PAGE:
Coronavirus Cases Decline In Consecutive Days In Wuhan

Coronavirus Cases Decline In Consecutive Days In Wuhan

Feb. 20, 2020, 8:08 p.m.

Consecutive declines of new confirmed cases of COVID-19 offered a flicker of hope, but observers said it is too early to declare victory or an inflection point, as Wuhan, the epicenter which is still under lockdown and just finalized the task of screening virus patients, now faces other tough tasks, such as dispatching enough resources to guarantee treatment of infected cases and preventing new transmissions.

Hubei Province reported 349 new cases of novel coronavirus pneumonia on Feb 19, with 108 new deaths and 1,209 cases of recovery. The total number of infections in the province climbed to 62,031, with 10,337 recovered and 2,029 dead.

Wuhan on Thursday issued a new measure, requiring residents at home to measure and report their temperatures twice a day. Those who have fever symptoms should be sent to hospital.

This follows the city's mission to mobilize local residents to to screen all confirmed and suspected infections of the virus, which was completed on Wednesday.

After all in need were rounded up, the city reached another stage in the battle, which is how to guarantee enough medical resources to treat patients and ensure quarantine work, Yang Zhanqiu, deputy director of the pathogen biology department at Wuhan University, told the Global Times.

Ding Xiangyang, a member of the central government steering group for the COVID19 epidemic, said at a Thursday press conference that the government must ensure all patients in Wuhan to get treatment. He also said the supply of medical resources to Wuhan and Hubei are guaranteed.

Hubei's previous command system to fight COVID-19 cannot be called "war-time mode" or effectively lead the battle, said Ding, noting that the system needed rectification, improvement and efficiency.

Wang said it is a pressing task for Wuhan to closely monitor possible new infections and their close contact, to completely cut off the transmissions.

Zhong Nanshan, China's top epidemiologist and the central government's top medical adviser, told a press conference on Monday human-to-human transmission continued in Wuhan, after the city has been under lockdown for almost a month.

The concern is that some patients took long before being treated when they may have already transmitted the virus to others, said Yang, warning that it is vital to contain the virus by rounding them up as early as possible.

The number of new confirmed cases in Wuhan on Wednesday dropped below 1,000 since February 2, according to official data.

Unlike SARS, the novel coronavirus may turn into a chronic disease and exist in the world like the common flu, Wang Chen, a deputy head of the Chinese Academy of Sciences, told the media on Wednesday.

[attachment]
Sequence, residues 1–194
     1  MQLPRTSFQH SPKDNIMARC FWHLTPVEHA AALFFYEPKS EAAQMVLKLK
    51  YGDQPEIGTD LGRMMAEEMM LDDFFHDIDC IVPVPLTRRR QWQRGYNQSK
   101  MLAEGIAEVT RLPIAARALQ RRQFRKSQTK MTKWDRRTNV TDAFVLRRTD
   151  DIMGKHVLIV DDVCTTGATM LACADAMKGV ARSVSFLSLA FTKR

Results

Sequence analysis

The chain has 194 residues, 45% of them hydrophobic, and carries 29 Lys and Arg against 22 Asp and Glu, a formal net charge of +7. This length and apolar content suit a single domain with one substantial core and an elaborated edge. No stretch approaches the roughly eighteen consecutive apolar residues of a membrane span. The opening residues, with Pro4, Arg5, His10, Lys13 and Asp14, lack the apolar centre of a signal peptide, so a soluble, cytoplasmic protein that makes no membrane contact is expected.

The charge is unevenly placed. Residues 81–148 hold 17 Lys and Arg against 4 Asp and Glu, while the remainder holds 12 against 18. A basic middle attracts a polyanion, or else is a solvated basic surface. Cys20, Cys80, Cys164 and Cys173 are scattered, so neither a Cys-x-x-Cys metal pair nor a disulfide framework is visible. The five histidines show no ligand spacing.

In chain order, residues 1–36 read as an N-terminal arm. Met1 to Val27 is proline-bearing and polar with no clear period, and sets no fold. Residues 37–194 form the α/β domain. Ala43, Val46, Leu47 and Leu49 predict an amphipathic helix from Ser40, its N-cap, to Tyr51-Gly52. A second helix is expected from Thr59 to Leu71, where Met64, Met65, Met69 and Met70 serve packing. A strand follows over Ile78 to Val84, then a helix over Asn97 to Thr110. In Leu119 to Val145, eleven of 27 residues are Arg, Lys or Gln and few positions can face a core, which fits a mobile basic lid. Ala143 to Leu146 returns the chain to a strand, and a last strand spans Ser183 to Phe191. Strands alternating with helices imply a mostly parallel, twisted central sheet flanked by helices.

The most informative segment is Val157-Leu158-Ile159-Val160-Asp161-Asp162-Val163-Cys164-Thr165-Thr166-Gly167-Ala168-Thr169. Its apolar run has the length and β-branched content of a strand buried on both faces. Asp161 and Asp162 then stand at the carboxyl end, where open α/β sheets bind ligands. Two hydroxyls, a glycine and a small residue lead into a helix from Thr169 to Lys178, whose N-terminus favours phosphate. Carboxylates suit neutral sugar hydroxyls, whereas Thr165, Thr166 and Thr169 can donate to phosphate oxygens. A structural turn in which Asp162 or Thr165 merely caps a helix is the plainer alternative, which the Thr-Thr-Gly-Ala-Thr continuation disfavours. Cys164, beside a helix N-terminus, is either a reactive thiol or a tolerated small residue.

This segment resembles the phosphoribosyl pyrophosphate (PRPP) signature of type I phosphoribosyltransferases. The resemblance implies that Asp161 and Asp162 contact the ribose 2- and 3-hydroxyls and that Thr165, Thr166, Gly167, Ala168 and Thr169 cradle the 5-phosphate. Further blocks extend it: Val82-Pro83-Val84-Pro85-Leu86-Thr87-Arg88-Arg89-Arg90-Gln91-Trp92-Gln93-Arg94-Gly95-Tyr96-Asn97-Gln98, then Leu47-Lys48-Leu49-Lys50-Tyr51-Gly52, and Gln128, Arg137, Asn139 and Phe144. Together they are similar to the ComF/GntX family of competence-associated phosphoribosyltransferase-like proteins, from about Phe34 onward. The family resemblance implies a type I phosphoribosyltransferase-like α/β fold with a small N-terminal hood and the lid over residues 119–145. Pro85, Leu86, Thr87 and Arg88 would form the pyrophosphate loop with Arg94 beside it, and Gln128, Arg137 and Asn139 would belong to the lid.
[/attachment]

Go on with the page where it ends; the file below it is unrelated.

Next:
Wang estimated that more than 90 percent of those infected in Wuhan have been screened, but the exact number of patients remains unclear. The silver lining in the past 14 days is that as the number of bed increased, "we got closer to the target of 'rounding up all those who needed to be rounded up.'"

As of Wednesday, a total of 32,395 medical workers have come to Wuhan from across the country to support the fight against the virus, National Heath Commission officials said.

The numbers of novel coronavirus infections reported outside Hubei Province declined for the 16th consecutive day as reported on Wednesday, with 45 new cases. Many places, such as Shanxi, Shanghai, Fujian and Jiangsu did not record a single new case on Wednesday.

Zhou Zijun, a professor at Peking University's School of Public Health, said concerns of a viral outbreak outside Hubei should be dismissed. Those provinces, municipalities and autonomous regions should reboot social and economic activities as soon as possible and gradually loosen their restrictions to avoid enormous disruption of the country's operations, while still remaining cautious and take effective measures to prevent large-scale transmissions.

Simply put, those outside Hubei should not overstate restrictions because of Hubei's epidemic. But Hubei should not loosen its regulation despite the alleviation of the virus' spread in other places, Zhou said.

Experts noted that scientists and medical experts are moving faster to develop a cure. Clinical experiences proved that traditional Chinese medicines can effectively increase the number of lymphocyte of critical patients, said Yu Yanhong, an official at the National Administration of Traditional Chinese Medicine on Thursday.

Credit Global Times

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